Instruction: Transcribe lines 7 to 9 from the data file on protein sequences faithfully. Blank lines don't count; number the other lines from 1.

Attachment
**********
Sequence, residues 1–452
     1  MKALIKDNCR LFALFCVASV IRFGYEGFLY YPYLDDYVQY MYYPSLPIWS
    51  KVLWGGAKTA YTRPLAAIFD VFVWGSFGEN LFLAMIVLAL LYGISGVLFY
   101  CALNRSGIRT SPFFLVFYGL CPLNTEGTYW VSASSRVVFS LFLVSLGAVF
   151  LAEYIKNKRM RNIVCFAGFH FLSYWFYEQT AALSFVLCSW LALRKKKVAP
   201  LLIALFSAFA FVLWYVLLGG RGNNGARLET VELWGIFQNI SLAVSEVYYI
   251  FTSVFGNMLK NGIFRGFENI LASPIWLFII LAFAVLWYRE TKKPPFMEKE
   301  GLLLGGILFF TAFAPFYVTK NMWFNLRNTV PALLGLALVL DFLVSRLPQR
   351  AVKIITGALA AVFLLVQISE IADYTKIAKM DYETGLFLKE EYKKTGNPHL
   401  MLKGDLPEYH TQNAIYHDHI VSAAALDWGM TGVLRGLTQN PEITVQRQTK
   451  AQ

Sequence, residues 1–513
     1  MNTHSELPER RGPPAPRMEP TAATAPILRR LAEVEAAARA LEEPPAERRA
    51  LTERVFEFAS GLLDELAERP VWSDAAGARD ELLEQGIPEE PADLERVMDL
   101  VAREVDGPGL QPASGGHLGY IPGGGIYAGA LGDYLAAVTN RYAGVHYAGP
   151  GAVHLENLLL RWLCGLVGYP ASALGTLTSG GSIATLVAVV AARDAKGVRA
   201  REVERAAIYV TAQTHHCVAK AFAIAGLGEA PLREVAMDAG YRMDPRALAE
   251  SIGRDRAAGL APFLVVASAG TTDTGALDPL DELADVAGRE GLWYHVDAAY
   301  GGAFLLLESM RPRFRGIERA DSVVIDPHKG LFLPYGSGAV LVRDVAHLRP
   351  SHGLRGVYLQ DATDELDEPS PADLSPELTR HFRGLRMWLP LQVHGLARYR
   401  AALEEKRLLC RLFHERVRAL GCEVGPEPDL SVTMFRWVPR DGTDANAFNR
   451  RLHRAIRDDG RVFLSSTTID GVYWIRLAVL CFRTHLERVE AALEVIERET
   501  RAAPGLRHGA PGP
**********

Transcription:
   251  FTSVFGNMLK NGIFRGFENI LASPIWLFII LAFAVLWYRE TKKPPFMEKE
   301  GLLLGGILFF TAFAPFYVTK NMWFNLRNTV PALLGLALVL DFLVSRLPQR
   351  AVKIITGALA AVFLLVQISE IADYTKIAKM DYETGLFLKE EYKKTGNPHL